MODESTO (CBS13) — Modesto senior Carol Gilbert can’t contain her anger.
“It breaks my heart and it makes me so mad I feel like spitting cotton,” Gilbert said.
The 73-year-old lives on a fixed income and she’s watched rent steadily climb at the Stardust Villa apartment complex. Ten years ago her one-bedroom rented for $650 a month. Last year it jumped to $950, and now the complex is charging $1,300 a month.
Unable to keep up with the rising costs, on Tuesday she was busy packing her belongings, leaving with clothes and a bed, while she plans to give away the remainder of her furniture. She has to be out on the first of October.
“I’ve going to have nothing left, my bed waiting to be taken over there,” Gilbert said.
Gilbert fell on hard times after learning her rent program trough Turning Point Housing would no longer be funded. The program provided her with money she needed to subsidize her $650 rent.
“If I hadn’t found a place to live as of October 1st, I would have been homeless,” Gilbert said.
Gilbert receives $877 monthly from social security. From that, she paid $200 toward rent and the rest was covered through the subsidy. She was in a difficult situation because she was told she didn’t even qualify for Section 8 help.
“Who I blame this on is the people who won’t put a cap on the rent raises,” Gilbert said.
Lawmakers passed AB 1482 restricting rent increases more than 5% a year plus inflation. The new rent controls may soon be the law of the land once signed by the governor.
The bill is not helpful for seniors like Gilbert living on less than $1,000 a month. She found the stress of being homeless so unbearable she needed anti-depressants from her doctor.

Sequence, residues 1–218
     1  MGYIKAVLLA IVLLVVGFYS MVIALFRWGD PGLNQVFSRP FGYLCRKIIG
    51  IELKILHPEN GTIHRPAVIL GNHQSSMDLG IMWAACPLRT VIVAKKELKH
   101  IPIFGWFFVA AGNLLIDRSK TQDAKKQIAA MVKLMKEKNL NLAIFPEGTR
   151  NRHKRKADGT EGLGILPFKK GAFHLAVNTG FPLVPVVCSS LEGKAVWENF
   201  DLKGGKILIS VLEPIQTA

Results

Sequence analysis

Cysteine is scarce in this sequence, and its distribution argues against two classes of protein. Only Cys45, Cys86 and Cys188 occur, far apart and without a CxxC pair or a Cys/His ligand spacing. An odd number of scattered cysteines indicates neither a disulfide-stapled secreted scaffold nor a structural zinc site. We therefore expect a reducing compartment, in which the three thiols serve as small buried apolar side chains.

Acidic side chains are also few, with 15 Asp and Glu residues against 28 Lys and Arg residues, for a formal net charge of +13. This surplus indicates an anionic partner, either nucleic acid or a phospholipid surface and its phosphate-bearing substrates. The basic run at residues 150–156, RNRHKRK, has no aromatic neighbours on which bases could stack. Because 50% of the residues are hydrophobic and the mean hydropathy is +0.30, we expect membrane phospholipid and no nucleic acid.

“I called my doctor and I said, ‘Could you up my prescription?'” Gilbert said. “I couldn’t sleep, I was crying all the time, I didn’t know what I was going to do.”
Gilbert’s neighbors helped her find a room to rent for $450 a month in a senior living mobile home park.
Brian Buckmaster and his wife said they didn’t want to see Gilbert homeless on their watch and even offered up a couch if things got really dire.
“If it’s happening to her, it’s happening to others,” said Buckmaster. “It’s not right. The rent just keeps going up every year to the point people are just moving out.”
Gilbert now considers herself the lucky one.
“I don’t know how to be homeless, I’m 73 years old,”‘ she said.
Her living conditions will still be tight. After paying rent at the mobile home park without the subsidies, she’ll have to survive on $427 a month. She’s thankful to have a roof over her head and to not be living under Modesto’s 9th street bridge, which she says was almost a reality.